Tesoro Petroleum Corp. has started a two-month study to determine whether it should improve the efficiency of its Nikiski refinery -- or close and sell it.
Bruce A. Smith, chairman, president and chief executive of the San Antonio, Texas, company, made that announcement Wednesday during a discussion of Tesoro's dismal fourth-quarter financial report. Tesoro reported a fourth-quarter loss from continuing operations of $23.6 million, compared with earnings from operations of $4.3 million during the fourth quarter of 1998.
"Clearly, we are disappointed with our fourth-quarter results," he said. "... Our plans to develop and implement programs that will allow Tesoro to sustain profitability during periods of low margins have been accelerated."
Ron Noel, vice president and general counsel for Tesoro Alaska Petroleum Co. in Anchorage, said managers are examining the Nikiski refinery.
"Tesoro has put in place a 60-day review, looking at cost-cutting and also looking at whether it would make economic sense for Tesoro to close or sell the Kenai refinery," he said.
One option, if the refinery closes, is to import fuel to supply its retail outlets and distribution system. In 1998, Tesoro Petroleum Corp. bought refineries in Washington and Hawaii.
Tesoro Alaska operates roughly 31 company-owned service stations and also sells its gasoline and diesel through roughly 150 independently owned Tesoro stations statewide.
Tesoro also sells home heating fuel through distributors in Anchorage, the Kenai Peninsula and other cities, and sells marine fuels over its Nikiski dock to barges from companies such as Petrol Marine and Delta Western.
Noel said it may make more sense to supply Alaska from refineries Outside, where refining costs are cheaper. He said the Kenai refinery lost close to $3.3 million in the fourth quarter.
"If you look back at the last 10 years, we've averaged a 3 percent return on capital employed in Alaska, which is unacceptable," he said. "You could put that money in a bank and you'd get a better return."
Smith said Tesoro's three-year goal is to improve its return on capital employed to 12 percent. He blamed the dismal fourth-quarter results on the 10-year high in crude prices resulting in production cuts among members of the Organization of Petroleum Exporting Countries, coupled with the failure of gasoline and diesel prices to keep pace.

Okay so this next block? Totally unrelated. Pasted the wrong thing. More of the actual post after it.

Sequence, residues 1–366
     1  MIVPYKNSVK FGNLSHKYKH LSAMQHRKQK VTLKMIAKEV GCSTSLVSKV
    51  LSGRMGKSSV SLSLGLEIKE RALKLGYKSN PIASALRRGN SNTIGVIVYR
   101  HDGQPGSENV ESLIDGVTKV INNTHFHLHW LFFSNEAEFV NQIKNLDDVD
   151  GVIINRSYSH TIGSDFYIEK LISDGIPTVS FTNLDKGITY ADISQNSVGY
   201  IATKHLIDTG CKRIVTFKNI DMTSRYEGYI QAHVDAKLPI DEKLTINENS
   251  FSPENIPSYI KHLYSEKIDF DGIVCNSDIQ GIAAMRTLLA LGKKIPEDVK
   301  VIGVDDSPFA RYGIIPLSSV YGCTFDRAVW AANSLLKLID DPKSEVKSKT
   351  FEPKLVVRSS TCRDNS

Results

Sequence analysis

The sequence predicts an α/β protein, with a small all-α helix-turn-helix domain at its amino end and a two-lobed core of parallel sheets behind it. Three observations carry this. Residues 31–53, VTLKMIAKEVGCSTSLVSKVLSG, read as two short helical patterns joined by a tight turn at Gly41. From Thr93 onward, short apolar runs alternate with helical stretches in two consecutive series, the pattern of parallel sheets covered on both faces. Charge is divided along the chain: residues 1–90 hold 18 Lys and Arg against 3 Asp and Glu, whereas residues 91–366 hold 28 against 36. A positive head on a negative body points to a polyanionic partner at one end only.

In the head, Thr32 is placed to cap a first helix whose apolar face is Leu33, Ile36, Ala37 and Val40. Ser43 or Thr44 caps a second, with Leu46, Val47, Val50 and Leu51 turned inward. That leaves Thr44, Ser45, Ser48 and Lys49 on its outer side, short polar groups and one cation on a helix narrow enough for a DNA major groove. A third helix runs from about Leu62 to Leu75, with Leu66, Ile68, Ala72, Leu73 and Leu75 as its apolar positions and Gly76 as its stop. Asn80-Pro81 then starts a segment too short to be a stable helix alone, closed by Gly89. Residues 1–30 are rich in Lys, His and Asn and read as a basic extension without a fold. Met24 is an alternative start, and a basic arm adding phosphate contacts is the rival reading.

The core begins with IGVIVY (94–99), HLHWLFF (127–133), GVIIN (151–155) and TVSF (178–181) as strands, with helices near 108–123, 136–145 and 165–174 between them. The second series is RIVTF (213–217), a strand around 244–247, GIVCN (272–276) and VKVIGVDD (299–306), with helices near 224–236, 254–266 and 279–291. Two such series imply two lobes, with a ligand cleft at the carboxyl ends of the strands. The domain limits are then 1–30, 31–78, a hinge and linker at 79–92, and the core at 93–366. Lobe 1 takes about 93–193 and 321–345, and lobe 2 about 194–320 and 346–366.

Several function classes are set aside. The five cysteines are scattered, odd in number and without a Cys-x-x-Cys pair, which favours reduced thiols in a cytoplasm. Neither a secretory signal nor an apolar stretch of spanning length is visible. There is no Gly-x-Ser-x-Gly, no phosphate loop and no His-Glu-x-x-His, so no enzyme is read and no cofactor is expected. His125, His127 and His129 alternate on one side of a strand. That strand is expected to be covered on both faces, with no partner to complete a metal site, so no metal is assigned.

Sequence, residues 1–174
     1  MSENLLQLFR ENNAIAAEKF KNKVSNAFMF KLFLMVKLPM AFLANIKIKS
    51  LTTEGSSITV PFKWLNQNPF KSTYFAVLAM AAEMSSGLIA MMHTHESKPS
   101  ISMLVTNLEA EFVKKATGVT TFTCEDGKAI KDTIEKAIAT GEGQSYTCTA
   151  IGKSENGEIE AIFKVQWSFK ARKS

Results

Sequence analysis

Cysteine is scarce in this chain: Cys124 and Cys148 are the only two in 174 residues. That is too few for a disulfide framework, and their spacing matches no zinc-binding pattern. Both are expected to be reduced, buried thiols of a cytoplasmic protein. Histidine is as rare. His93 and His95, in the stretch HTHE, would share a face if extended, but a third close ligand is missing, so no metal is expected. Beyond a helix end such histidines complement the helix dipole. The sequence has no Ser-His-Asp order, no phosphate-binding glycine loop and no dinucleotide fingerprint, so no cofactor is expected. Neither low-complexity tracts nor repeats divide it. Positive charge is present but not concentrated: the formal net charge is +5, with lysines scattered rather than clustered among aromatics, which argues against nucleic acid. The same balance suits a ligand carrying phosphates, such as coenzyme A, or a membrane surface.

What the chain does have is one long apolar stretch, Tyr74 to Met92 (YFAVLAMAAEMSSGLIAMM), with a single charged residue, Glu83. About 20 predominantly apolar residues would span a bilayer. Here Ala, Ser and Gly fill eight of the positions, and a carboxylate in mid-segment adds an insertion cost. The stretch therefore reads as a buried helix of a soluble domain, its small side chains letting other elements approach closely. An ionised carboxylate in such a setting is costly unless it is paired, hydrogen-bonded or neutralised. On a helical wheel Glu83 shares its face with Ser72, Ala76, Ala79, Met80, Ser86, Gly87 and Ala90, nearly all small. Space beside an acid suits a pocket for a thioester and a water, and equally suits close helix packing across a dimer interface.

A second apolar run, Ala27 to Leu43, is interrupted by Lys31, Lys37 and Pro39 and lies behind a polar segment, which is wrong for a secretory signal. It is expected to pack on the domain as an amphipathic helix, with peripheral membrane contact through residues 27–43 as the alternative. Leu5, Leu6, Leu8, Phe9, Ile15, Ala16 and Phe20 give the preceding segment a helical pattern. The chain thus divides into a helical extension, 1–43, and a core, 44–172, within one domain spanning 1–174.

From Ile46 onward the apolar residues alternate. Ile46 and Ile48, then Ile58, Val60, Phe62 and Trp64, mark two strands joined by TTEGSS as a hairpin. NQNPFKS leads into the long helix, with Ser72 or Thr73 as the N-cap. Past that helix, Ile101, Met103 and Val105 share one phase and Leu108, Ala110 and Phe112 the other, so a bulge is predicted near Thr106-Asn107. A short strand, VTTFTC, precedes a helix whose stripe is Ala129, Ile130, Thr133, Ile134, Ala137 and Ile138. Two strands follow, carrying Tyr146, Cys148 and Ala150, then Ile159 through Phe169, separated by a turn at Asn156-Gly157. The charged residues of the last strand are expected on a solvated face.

The price of crude has more than doubled from around $12 per barrel a year ago to nearly $30 per barrel today, said Rod Cason, refinery manager.
Smith said profit margins at Tesoro's Alaska and Hawaii refineries fell from $6.10 per barrel during the fourth quarter of 1998 to $3.40 per barrel during the fourth quarter of 1999.
"In contrast, fourth-quarter 1999 margins for our West Coast operations improved to approximately $5.35 per barrel, or almost 90 cents per barrel higher than the same quarter in 1998," he said.
Tesoro Alaska's shaky finances were further rocked when the state of Alaska sent a bill for $24 million in royalty payments it says were miscalculated 16 years ago, along with another $3 million tab for disputes over tariffs through Cook Inlet pipelines.
John Shively, commissioner of the Department of Natural Resources, said the $24 million bill stems from a revaluation of oil delivered to Tesoro after the state audited the books of the companies that produced it. There was no dishonesty on Tesoro's part, he said.
Cason said he was overwhelmed by the reaction from refinery workers when he announced the 60-day review on Wednesday.
"I've had at least 15 or 20 employees come to me and say, 'We're here, we'll do whatever it takes to show we're profitable,'" he said. "It's a difficult time for us, but they're not going to lay down and roll over."
Borough assembly member Jack Brown, who represents Nikiski, said closing the refinery, which employs 175 people, would be devastating.
Jeff Sinz, Kenai Peninsula Borough finance director, said Tesoro's assets here are assessed at nearly $90 million, and Tesoro pays more than $1 million per year in property taxes.
Noel said the Nikiski refinery produces roughly 70 percent of the gasoline used in Alaska and a substantial fraction of the state's diesel and jet fuel.
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